So what, you might be asking yourself, does P&PC have to find out by attending panels with, um, uh—how shall we say it?—quaintly 1950s-retro titles like "What Makes Literature Immortal?" and "The Writer as Outsider"? And what in the world might hobnobbing with prize winners and other high-art practitioners and standard-bearers have to offer a blog with a mission to study and document "good bad poetry, not-so-good poetry, commercial poetries, ordinary readers, puns, newspaper poetries" and so on? Good questions. Really good questions. It's like we asked them ourselves. So here's something in the way of a provisional answer.

For years, Iowa's program has been held up as the gold standard for M.F.A. programs, employing and educating Pulitzer winners and other beacons of high poetic art from the 1950s on. Robert Lowell? Check. John Berryman? Check. Robert Penn Warren? Check. Donald Justice, Mark Strand, Philip Levine, Jorie Graham, Rita Dove, Robert Hass, Charles Wright, James Tate, W.D. Snodgrass, Philip Schultz, Karl Shapiro? Check, check, check and double check.

Yet, at the same time that this history's gone down, there's a story that's gone untold—and that one has to do with the Workshop's ongoing and pretty much unacknowledged engagement with popular literature. Take, for example, longtime Workshop Director Paul Engle (pictured here), who not only won the 1932 Yale Series of Younger Poets award for his first book of poetry (Worn Earth) but went on to shepherd the program to national prominence in the 1940s and 50s by hiring Lowell, Berryman, Vonnegut, and Warren and by mentoring the likes of Flannery O'Connor, Donald Justice, and Philip Levine. At the same time that he was doing so, though, Engle was also partnering with Hallmark, Inc. That's right, the greeting card people. He wrote the libretto for a 1960 Hallmark Hall of Fame production Golden Child: A Christmas Opera. He and an Iowa student assistant did the work compiling poems for Hallmark's 1960 anthology Poetry for Pleasure: The Hallmark Book of Poetry. And in the late 1950s, you could have found Engle writing verse for Hallmark greeting cards as well as Poetry magazine. P&PC has seen 17 different Engle-authored greeting cards, and our sources inside Hallmark suggest that some of these sold as many as 30,000 copies.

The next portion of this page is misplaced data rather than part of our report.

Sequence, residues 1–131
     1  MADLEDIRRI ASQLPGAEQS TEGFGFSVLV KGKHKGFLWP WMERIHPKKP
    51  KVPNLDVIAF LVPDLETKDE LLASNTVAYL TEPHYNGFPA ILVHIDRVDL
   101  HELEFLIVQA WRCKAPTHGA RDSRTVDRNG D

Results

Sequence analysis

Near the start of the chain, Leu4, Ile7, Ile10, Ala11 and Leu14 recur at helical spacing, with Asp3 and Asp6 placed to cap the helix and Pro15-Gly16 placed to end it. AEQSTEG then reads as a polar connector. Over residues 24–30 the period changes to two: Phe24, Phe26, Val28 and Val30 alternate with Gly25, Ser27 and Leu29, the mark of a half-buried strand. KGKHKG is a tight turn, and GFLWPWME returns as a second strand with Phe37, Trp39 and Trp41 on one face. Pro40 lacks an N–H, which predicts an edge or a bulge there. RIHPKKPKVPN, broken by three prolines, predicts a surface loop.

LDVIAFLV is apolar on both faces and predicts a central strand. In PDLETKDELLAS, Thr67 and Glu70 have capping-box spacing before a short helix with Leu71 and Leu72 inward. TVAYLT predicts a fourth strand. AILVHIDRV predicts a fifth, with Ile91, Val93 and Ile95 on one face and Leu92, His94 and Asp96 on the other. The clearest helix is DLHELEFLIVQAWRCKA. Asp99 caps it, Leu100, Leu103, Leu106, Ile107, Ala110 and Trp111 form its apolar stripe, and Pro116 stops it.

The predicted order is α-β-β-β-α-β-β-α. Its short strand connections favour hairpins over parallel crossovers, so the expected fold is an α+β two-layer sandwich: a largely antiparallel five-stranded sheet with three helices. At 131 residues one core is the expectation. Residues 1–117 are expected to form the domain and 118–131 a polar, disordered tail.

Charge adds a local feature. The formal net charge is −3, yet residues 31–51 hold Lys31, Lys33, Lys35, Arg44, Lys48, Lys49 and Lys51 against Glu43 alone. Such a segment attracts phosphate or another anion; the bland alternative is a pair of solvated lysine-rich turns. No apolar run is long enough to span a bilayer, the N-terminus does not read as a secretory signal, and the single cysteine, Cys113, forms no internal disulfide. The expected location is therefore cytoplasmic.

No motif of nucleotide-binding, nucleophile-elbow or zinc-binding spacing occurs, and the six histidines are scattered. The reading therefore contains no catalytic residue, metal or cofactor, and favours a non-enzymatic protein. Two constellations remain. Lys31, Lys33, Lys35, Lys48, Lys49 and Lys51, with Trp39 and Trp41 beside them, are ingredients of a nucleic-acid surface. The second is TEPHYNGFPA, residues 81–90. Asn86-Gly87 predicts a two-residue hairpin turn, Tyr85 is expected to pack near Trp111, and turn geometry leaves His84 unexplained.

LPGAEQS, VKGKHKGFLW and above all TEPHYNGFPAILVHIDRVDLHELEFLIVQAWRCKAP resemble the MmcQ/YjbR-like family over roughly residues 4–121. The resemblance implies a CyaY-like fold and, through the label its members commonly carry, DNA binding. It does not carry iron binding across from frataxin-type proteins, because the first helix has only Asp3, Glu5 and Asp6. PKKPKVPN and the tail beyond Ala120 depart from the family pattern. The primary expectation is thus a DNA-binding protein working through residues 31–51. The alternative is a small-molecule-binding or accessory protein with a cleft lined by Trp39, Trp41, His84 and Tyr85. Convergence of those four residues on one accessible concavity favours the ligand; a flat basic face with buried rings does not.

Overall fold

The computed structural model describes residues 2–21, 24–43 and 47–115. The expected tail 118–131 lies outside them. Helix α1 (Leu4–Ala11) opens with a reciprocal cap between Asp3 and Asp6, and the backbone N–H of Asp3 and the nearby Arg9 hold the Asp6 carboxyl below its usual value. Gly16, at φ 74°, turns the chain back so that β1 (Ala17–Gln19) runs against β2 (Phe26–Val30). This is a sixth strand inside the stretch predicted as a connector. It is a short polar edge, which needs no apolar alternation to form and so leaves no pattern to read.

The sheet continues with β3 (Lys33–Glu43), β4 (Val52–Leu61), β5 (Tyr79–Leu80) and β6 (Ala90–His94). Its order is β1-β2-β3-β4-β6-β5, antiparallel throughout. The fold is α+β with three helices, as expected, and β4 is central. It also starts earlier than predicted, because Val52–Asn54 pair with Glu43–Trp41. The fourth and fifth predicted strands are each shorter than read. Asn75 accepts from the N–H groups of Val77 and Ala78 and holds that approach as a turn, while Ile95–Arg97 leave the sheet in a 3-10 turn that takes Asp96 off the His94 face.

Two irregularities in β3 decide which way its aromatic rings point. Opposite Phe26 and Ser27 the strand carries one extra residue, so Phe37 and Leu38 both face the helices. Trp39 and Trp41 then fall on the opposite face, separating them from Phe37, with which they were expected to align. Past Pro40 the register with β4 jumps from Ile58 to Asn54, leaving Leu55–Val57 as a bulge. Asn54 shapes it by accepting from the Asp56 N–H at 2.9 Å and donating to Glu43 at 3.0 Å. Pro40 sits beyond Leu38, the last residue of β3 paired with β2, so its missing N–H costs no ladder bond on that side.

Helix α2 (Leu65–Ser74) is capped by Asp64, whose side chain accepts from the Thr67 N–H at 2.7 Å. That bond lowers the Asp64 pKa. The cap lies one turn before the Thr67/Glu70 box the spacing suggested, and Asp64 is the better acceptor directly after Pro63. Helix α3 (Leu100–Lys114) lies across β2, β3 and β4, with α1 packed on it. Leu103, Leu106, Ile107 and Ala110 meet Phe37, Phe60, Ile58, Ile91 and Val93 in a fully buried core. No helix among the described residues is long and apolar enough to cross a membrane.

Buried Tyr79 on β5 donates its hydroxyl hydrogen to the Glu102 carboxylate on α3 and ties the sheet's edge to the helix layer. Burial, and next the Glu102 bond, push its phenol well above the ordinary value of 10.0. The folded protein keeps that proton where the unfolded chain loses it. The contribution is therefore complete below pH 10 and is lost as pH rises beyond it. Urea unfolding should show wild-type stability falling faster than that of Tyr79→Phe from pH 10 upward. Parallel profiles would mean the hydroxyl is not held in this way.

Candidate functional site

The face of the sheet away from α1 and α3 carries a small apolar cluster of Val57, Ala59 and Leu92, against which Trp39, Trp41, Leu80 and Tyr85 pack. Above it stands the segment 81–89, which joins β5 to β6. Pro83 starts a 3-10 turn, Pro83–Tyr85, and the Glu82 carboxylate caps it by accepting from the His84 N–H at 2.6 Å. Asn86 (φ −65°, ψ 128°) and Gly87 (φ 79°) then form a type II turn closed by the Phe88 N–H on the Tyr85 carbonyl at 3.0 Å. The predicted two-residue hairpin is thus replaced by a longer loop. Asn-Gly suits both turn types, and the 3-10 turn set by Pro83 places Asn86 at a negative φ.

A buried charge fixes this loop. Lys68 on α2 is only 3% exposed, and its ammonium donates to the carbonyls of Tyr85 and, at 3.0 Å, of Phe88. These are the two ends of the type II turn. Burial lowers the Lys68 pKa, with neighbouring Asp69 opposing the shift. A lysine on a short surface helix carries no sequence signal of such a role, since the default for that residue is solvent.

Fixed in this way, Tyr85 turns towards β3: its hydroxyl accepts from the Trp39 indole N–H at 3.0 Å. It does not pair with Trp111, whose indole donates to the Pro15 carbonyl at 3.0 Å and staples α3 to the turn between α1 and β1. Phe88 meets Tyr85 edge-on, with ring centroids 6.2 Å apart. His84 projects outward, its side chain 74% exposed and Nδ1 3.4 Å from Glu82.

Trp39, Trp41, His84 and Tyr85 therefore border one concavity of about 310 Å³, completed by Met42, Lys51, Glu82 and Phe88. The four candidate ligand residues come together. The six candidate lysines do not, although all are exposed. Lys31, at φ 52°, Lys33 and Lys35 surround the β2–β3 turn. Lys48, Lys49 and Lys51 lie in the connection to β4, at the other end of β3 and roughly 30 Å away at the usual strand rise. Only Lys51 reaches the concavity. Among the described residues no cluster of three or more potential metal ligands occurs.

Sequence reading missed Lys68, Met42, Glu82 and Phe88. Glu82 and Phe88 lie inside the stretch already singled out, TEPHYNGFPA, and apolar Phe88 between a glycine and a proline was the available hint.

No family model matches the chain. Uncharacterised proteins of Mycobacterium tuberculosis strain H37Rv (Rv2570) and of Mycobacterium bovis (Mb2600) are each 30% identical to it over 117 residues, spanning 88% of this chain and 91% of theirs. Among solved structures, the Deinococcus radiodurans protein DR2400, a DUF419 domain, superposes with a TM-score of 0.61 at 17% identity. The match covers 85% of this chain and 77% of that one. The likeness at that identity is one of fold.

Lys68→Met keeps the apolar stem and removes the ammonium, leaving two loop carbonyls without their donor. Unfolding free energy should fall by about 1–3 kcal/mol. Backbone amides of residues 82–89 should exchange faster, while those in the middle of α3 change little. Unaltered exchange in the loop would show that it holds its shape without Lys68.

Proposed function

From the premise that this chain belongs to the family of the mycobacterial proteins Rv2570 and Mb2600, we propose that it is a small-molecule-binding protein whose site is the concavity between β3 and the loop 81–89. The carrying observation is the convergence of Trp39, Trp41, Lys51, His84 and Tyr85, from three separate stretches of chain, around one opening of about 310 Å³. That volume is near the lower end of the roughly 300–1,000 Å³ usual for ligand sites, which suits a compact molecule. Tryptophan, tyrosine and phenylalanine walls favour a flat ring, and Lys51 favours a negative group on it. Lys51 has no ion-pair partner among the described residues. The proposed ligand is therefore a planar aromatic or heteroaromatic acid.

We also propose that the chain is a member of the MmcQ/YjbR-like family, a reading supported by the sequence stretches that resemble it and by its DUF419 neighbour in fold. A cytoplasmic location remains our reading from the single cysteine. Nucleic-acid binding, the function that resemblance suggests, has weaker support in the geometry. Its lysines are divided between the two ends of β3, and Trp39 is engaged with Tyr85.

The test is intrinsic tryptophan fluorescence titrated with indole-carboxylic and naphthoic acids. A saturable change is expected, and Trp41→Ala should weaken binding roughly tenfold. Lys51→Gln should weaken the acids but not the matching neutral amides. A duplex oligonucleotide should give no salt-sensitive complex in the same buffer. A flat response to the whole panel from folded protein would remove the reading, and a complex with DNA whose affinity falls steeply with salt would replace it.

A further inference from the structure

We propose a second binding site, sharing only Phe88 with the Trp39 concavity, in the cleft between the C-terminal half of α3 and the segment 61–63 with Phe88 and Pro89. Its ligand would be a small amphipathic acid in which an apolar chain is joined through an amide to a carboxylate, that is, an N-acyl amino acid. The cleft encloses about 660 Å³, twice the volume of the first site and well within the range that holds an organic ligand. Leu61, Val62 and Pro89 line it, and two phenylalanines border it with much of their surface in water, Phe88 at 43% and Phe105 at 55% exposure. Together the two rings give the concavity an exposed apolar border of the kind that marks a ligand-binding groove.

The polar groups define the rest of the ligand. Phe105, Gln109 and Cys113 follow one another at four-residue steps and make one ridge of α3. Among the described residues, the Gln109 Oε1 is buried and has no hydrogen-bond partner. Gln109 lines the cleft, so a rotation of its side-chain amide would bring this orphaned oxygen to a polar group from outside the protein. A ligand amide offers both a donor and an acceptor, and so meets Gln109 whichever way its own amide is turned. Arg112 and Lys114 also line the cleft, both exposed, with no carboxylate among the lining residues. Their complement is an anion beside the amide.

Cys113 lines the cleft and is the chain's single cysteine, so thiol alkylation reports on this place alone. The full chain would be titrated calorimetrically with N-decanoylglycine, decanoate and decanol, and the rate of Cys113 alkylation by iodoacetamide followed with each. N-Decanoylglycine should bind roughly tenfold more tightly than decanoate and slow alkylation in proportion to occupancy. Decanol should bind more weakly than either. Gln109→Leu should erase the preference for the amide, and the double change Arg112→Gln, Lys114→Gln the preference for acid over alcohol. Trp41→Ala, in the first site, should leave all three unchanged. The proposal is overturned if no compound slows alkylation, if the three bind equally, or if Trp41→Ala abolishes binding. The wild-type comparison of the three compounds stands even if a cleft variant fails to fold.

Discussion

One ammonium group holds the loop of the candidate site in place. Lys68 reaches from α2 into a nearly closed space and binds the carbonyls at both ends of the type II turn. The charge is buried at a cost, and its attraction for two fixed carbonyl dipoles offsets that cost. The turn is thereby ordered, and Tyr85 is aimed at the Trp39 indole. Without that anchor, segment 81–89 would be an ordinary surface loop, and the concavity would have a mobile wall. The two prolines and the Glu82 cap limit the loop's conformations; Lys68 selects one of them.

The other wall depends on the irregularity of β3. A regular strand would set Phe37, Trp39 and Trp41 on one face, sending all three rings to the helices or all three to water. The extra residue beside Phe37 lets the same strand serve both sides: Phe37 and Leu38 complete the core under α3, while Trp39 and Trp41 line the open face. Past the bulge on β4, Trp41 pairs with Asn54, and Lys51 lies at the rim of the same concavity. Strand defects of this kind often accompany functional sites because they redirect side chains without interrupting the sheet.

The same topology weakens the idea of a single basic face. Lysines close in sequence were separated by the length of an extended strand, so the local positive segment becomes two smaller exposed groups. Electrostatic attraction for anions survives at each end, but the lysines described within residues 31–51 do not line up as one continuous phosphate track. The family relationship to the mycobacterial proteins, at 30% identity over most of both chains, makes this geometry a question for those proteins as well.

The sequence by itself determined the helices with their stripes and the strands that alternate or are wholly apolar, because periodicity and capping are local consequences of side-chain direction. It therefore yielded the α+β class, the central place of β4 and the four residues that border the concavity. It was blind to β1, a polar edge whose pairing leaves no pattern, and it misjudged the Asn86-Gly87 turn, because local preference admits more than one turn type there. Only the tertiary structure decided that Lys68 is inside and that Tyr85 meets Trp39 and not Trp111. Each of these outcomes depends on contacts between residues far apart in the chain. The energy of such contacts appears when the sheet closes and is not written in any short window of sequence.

That history of Iowa-trained writers penning their way to a paycheck via popular culture does not end there. It's a well-known but never-studied fact, for example, that fiction graduates have long supported themselves by writing romance novels. For years, the Iowa Book Doctors has been outsourcing work to M.F.A graduates who have ghost-written thrillers including the Jack Kevorkian bio and soon-to-be movie Between the Dying and the Dead. Famous sci-fi writer Joe Haldeman attended Iowa (later writing two Star Trek novels). Faculty member Chris Offutt has written for Weeds and True Blood as well as comic books. As we reported here about a year and a half ago, poet Lewis Turco got his career started by publishing sci-fi poetry in Fantasy and Science Fiction. More recently, M.F.A. graduate Lucas Bernhardt was elected the poet laureate of the Portland Trail Blazers' premiere fan site, Blazer's Edge.

So you can see where we're going with these examples, can't you? It's the opinion of P&PC that while some Workshop graduates have gone on to win prizes and accolades from the world of refined literary culture, there's another side to the story: Workshop poets and fiction writers have also been feeding the maw of popular culture for years now, and with all the rhetoric of gold-standards and Pulitzers and World City of Literature designations, that fact has been lost. Put another and less decorous way, the Workshop has not only been training writers to succeed at the highest levels of their craft, but it's also been training writers to masterfully and successfully sell out.

You're not going to find that sort of language on the official or pro- motional web sites, of course—nor is it on this weekend's program sandwiched in between "What Makes Literature Immortal?" and "The Writer as Outsider." But our affiliate on location in Iowa City is out to see if the alums have anything to say for themselves about this. Maybe they do, and maybe they don't. But if there's anything to be heard or a scoop to be had, you can be sure that you'll find it here first.